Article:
Growing up, my thinking went like this: The Bible was the best-selling book of all time. But I didn’t know one person who ever bought it, much less read it. So, it must be that the Bible is written for non-Jews. I wasn’t sure what kind of non-Jews, but I assumed the non-Jews I’d seen on television on Sunday mornings. Scary, preachy non-Jews who needed to be turned off immediately to avoid falling into their clutches. Especially because they were everywhere–even in hotel rooms, where scary, preachy “Gideon” and his “Bible” were waiting to convert me every time I opened the nightstand drawer.
The problem with this ingrained perception of “the Bible” was that it impeded my learning of our Bible, the Torah. Just saying, “chapter and verse” sounded too much like Sunday morning TV talk. I had a problem though, once I had enough evidence to believe G-d spoke to the Jewish nation when He gave us the Torah. I was 31 and clueless how to translate His words into daily life. Could I close the drawer on “the Bible” so I could open myself to the Torah?
My mantra for the effort became: It doesn’t matter where you are, it only matters which way you’re going. Once I understood that nobody ever stands still, I was free to move. l started learning the basics, like the laws of cooking on Shabbos and how to clean for Pesach. No matter how much this information complicated my life, I had bought G-d’s whole kit and caboodle: attention to detail was the way to keep Him in front of me always. Learning Chassidus made the work worthwhile. All I needed was a brain and a heart and I could glimpse into my soul, the cosmos, and what to do about them both.
I was committed, but I was also committed to taking shortcuts whenever possible. This was especially true when our children were young and Shabbos morning was the only time to learn just the name of the previous week’s Torah portion. I don’t know if it was a carry over from my “Bible” days, but my eyes glazed over much of the actual text I read. I knew I had to learn though, so I was diligent about studying the Rebbe’s practical and deeper lessons. So what if I occasionally confused Yitzchak and Yaakov? I was still moving, and had already come a long way.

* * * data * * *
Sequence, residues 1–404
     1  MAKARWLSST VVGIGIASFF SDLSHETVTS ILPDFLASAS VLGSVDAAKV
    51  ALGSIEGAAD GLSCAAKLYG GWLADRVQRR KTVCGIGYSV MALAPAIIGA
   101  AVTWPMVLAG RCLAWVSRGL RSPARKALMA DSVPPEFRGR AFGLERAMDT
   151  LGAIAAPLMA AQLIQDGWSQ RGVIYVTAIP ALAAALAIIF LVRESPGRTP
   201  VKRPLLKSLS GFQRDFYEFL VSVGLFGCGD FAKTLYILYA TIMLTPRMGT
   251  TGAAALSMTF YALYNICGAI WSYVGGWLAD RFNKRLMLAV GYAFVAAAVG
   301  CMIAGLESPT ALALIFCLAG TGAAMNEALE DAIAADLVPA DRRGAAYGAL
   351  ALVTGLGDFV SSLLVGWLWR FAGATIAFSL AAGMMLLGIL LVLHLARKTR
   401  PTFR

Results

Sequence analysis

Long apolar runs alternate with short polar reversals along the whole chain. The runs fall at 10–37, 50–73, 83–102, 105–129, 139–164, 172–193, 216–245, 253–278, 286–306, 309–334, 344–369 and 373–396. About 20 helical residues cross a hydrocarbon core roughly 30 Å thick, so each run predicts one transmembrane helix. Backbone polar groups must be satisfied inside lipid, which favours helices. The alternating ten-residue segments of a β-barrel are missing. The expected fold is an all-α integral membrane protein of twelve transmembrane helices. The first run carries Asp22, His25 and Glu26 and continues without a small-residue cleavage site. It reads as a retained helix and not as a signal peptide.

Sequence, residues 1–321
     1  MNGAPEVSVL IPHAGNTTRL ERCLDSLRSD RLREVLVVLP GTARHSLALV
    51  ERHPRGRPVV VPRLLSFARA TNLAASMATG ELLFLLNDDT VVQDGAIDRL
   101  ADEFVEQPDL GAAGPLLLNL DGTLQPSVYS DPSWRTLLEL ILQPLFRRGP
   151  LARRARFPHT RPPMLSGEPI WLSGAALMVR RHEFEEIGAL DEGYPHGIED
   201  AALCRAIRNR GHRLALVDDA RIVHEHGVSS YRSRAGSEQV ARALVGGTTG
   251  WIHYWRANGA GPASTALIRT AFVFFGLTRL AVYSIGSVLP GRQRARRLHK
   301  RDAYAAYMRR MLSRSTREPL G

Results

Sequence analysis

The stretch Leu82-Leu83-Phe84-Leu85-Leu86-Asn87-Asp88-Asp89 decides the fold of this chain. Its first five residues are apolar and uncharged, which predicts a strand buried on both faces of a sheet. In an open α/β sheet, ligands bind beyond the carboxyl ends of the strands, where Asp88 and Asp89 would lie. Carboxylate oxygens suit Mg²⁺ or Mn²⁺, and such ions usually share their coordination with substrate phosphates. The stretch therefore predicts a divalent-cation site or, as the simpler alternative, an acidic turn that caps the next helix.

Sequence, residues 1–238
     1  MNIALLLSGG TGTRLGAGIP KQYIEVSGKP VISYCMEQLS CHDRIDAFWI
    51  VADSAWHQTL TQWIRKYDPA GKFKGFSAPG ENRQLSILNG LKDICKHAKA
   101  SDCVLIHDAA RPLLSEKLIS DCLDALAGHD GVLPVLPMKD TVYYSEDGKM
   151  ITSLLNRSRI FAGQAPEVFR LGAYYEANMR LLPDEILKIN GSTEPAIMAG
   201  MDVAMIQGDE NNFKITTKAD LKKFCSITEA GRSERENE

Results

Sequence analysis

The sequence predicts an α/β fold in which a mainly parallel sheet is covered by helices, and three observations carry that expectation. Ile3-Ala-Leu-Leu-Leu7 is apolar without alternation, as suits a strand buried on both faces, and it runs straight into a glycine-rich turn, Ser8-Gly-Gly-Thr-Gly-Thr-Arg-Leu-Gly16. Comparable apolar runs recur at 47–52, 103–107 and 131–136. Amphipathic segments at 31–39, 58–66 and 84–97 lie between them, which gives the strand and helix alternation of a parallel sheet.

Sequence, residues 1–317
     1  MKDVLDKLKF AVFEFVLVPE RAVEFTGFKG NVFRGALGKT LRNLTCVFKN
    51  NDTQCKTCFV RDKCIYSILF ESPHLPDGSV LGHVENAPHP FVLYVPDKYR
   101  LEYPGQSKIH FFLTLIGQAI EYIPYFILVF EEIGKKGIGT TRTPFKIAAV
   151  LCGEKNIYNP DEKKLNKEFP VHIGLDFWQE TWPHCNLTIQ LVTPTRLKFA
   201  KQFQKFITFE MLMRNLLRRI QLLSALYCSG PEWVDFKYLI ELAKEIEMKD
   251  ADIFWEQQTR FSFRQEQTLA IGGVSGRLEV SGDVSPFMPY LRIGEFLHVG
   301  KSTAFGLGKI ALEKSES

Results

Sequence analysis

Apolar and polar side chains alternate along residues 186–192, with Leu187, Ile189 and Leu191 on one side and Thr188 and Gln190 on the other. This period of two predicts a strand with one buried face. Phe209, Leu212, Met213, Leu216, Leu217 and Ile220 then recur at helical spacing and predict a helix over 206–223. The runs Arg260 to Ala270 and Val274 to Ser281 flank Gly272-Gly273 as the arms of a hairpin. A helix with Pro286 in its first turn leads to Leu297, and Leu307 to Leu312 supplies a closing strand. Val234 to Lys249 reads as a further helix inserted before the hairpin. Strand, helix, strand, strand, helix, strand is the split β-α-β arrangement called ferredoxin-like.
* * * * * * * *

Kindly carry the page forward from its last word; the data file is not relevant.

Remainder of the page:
Last month, a tragedy eliminated my excuse for not learning the actual Torah. When Rabbi Josh Gordon passed away, I decided to start watching his classes on the daily Torah portion on Chabad.org. Jews everywhere were praising Rabbi Gordon’s ability to make Torah accessible; it was time for me to tune in, too. One click on Chabad.org’s homepage and I could be right there learning G-d’s universal message for every Jew, every day. Does my mind wander during Rabbi Gordon’s classes? Sometimes. Are his jokes and stories more memorable than the text? Often. But I’m still learning more Torah than I did before, and that’s all that matters.
I hope my new regimen will help me to love what G-d wants me to love and hate what He wants me to hate. It’s one more spiritual weapon against the world’s cadre of terrorists, the deranged people who live and die for a very un-G-dly cause.
Today is Purim, a day for us to recognize that G-d is our true and eternal salvation, more powerful than any person, deranged or otherwise.